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How heat in the upper ocean can influence large-scale weather features in the tropics 

Ashneel Chandra will defend his PhD thesis at the University of Bergen on 19 March 2024 at 10:15 with the thesis “The Role of Ocean Heat Content on the Madden-Julian Oscillation”.


In the tropical atmosphere, there is a planetary-scale (~10 000 km) pattern of clouds and rain that moves eastward along the equator with a cycle repeating about every 60 days. This phenomenon is known as the Madden-Julian Oscillation (MJO). Accurate forecasting of the MJO is important for the predictability of weather in the coming weeks. In my dissertation, I try to understand the influence of heat in the upper ocean on this important tropical phenomenon known as the MJO.

As heat energy stored in the ocean moves from the ocean to the atmosphere, this heat can cause changes to the large-scale weather features that manifest in the atmosphere such as the MJO. I find that heat changes in the equatorial upper ocean are mainly caused by currents moving in the east-west direction along the equator which are linked to planetary-scale oceanic waves.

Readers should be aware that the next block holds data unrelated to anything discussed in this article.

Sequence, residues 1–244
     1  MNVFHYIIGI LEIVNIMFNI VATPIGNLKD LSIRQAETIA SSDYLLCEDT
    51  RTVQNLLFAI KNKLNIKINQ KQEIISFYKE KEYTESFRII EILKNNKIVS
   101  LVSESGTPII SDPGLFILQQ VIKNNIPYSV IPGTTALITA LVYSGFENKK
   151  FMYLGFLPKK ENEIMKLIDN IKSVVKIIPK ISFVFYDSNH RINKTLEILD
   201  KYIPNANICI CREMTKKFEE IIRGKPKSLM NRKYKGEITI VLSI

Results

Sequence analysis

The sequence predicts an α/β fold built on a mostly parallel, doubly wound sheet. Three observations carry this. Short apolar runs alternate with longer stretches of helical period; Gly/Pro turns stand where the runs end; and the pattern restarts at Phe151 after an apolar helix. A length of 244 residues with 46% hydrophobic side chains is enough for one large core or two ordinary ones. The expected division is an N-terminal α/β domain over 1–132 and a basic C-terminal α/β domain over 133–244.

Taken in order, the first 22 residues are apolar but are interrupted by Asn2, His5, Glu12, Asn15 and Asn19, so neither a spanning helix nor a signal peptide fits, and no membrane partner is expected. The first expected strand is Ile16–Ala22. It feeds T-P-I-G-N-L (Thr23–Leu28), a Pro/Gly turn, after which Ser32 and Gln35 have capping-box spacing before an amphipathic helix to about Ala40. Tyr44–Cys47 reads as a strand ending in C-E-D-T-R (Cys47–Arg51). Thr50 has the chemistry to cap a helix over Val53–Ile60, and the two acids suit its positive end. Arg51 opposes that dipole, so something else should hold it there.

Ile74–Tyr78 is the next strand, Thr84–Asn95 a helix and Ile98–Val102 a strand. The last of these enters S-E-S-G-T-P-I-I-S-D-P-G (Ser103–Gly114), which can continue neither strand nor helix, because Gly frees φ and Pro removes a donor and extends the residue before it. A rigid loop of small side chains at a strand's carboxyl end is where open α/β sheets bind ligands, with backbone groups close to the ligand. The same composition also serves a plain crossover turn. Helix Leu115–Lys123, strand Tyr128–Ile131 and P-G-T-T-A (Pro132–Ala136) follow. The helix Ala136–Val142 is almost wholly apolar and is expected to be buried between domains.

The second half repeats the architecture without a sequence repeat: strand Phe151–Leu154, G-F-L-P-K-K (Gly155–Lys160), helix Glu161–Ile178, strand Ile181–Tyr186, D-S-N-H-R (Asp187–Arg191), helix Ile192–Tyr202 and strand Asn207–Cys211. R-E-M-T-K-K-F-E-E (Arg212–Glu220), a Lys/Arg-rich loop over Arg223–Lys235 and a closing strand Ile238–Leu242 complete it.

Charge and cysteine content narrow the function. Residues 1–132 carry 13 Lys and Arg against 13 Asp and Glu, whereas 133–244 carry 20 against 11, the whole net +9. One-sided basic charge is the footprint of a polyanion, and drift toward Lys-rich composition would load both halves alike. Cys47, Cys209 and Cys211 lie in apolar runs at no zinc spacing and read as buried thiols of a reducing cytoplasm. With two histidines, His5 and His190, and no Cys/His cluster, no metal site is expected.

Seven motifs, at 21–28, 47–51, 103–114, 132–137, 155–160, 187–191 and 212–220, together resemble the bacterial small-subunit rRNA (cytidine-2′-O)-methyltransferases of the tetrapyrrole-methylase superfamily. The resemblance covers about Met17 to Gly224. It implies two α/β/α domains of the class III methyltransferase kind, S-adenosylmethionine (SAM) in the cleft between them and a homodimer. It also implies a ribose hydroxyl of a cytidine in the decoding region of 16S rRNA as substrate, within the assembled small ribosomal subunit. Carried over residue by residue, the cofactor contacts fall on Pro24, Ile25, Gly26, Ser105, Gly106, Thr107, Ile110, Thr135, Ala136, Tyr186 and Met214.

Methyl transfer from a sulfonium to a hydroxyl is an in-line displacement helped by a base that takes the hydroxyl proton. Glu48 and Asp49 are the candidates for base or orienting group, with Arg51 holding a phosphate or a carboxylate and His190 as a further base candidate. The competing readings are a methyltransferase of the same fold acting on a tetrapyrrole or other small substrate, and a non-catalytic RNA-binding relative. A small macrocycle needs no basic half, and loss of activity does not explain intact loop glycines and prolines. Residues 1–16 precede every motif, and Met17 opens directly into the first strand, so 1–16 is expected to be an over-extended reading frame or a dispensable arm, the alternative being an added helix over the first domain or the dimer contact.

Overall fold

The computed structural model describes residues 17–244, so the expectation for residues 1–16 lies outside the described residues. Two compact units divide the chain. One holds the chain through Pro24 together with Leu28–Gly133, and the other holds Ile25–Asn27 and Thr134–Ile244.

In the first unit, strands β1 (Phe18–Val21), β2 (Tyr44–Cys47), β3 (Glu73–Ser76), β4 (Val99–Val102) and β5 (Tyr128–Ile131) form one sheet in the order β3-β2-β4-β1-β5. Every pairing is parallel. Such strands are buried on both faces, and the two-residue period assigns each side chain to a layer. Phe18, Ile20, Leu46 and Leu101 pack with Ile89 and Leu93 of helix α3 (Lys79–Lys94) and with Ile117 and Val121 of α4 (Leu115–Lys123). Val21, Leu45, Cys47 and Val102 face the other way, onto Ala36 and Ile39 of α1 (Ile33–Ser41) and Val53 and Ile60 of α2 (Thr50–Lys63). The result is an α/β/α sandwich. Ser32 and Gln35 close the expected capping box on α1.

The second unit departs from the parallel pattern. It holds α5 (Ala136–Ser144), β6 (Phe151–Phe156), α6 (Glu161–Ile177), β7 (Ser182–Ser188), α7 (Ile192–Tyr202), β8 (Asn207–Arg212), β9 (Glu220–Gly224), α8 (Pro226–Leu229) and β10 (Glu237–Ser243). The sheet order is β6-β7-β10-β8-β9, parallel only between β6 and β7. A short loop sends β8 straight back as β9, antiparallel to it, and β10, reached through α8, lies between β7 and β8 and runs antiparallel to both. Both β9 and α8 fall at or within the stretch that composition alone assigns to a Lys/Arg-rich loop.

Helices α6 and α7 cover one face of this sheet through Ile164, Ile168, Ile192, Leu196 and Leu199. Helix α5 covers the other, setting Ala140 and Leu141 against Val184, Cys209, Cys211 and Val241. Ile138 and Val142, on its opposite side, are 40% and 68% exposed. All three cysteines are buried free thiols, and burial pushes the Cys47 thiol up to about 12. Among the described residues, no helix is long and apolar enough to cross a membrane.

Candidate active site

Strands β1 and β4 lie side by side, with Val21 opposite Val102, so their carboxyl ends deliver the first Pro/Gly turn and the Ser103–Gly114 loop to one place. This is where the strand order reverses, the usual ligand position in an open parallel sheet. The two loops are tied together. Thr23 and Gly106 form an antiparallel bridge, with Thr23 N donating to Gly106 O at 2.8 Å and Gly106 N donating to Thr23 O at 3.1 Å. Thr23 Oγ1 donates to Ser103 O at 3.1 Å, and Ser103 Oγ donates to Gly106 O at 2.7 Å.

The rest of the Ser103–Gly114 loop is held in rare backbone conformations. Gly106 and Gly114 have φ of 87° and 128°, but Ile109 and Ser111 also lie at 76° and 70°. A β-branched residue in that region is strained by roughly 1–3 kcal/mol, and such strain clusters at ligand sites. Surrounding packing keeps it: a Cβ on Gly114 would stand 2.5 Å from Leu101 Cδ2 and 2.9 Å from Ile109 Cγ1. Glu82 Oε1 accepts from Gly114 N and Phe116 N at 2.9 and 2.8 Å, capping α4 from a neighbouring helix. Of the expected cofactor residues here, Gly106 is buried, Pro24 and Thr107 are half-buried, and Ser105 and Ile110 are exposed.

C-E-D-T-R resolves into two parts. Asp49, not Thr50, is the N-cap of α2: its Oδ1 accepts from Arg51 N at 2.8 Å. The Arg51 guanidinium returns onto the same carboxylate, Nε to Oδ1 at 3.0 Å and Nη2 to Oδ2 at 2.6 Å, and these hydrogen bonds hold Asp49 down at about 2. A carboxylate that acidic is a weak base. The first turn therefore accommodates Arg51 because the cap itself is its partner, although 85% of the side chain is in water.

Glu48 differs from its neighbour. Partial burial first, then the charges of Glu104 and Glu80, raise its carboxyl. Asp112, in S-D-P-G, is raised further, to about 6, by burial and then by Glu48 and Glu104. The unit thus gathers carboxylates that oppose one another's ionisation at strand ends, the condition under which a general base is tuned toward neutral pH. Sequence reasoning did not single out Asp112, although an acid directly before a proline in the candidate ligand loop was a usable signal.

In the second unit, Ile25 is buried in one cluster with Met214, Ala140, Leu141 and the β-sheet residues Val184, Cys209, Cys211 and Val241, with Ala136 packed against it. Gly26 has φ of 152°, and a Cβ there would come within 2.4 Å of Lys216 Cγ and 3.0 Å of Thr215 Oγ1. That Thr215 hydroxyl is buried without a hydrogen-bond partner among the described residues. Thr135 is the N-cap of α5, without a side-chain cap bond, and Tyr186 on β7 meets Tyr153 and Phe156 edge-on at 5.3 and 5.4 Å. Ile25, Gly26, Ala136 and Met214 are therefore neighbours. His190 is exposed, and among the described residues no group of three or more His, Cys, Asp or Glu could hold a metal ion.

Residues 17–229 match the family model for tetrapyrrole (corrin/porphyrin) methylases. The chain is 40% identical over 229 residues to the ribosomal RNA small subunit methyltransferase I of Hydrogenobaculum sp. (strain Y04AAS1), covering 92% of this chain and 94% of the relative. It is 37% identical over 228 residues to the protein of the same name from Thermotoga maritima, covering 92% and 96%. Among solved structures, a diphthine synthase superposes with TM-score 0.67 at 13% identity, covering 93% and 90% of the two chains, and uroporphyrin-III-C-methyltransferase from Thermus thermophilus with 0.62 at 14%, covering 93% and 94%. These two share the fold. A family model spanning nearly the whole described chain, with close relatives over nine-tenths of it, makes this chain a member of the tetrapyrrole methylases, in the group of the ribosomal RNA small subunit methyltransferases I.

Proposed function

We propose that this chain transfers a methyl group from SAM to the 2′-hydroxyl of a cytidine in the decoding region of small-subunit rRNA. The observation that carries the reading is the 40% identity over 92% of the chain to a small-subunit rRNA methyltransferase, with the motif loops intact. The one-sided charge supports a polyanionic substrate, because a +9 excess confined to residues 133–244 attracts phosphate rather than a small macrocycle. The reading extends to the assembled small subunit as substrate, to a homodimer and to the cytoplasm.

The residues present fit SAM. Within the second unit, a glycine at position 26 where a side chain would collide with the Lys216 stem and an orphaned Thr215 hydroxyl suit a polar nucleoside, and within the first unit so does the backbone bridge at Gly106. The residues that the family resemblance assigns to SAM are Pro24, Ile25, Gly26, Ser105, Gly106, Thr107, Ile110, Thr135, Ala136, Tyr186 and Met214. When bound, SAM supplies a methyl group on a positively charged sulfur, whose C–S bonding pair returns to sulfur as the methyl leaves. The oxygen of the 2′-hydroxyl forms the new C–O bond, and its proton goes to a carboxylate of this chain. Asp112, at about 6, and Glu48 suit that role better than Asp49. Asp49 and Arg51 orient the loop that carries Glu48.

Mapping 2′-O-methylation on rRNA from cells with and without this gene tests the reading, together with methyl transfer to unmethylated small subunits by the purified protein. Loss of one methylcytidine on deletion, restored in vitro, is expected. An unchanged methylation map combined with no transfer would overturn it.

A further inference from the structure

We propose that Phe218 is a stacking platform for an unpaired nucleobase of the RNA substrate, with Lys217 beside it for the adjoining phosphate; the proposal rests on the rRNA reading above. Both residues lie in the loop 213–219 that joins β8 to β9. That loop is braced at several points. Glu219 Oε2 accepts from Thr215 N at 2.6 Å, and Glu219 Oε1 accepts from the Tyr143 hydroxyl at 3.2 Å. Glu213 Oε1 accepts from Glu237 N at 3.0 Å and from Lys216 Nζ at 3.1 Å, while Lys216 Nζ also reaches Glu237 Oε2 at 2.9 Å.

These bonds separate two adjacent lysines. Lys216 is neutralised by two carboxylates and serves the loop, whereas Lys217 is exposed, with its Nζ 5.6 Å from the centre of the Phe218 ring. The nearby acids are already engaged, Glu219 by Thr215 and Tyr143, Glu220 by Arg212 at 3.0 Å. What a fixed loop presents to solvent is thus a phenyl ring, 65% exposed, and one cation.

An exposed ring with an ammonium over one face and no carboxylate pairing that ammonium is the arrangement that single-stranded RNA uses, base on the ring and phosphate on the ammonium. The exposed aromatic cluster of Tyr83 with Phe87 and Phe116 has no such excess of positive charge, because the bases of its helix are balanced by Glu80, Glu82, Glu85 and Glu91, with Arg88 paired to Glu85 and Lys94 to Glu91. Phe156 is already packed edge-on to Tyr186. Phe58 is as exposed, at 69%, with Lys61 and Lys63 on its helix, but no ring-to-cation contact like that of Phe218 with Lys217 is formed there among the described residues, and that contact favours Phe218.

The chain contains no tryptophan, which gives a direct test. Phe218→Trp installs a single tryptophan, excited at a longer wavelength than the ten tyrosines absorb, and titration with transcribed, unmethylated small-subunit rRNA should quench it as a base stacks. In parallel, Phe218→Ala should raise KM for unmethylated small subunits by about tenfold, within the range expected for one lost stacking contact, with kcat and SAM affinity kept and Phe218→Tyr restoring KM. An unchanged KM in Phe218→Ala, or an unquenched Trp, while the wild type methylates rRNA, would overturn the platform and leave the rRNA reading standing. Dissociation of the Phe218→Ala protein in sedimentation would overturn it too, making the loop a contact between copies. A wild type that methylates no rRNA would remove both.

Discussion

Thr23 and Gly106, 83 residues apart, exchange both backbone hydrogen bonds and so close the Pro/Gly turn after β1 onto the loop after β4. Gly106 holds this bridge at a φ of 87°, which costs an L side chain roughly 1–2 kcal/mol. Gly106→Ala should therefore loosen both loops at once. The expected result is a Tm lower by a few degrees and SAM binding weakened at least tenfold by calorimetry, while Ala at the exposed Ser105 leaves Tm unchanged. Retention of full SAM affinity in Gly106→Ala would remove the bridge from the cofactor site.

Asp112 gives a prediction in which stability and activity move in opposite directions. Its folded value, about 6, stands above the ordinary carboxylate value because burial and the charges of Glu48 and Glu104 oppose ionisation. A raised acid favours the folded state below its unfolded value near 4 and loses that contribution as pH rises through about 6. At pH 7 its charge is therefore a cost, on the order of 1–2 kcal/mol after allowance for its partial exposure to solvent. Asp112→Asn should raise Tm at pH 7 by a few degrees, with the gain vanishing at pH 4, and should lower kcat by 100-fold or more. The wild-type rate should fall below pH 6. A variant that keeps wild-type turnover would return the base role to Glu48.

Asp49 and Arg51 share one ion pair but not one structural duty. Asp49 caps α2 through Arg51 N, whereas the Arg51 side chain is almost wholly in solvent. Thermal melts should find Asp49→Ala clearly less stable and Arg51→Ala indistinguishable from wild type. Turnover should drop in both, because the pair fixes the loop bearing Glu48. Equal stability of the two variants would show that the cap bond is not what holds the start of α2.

I then test an idea about the importance of these planetary-scale oceanic waves on the MJO in the Norwegian Earth System Model (NorESM). NorESM is a state-of-the-art climate model developed by climate scientists in Norway. From the model experiments, I find that the planetary-scale oceanic waves do not drastically influence the MJO in the model. However, climate models such as NorESM often struggle to produce a realistic MJO. Thus, my research offers insight into how improving the interaction between planetary-scale oceanic waves and the atmosphere in the model could potentially help the models produce a more realistic simulation of the MJO.

Time: 10:15

Venue: Rom BCCR4020, Bjerknessenteret, Jahnebakken 5

Personal information

Ashneel Chandra holds a Bachelor of Science degree in Mathematics and Physics and a Masters degree in Physics both from The University of the South Pacific, Suva, Fiji. Ashneel was affiliated with the Bjerknes Centre for Climate Research and the Island Lives Ocean States project during his PhD. This dissertation was supervised by Professor Noel Keenlyside and Dr Lea Svendsen at the Geophysical Institute, University of Bergen as well as Dr Awnesh Singh at The University of the South Pacific.

Contact information

Email: Ashneel.Chandra@uib.no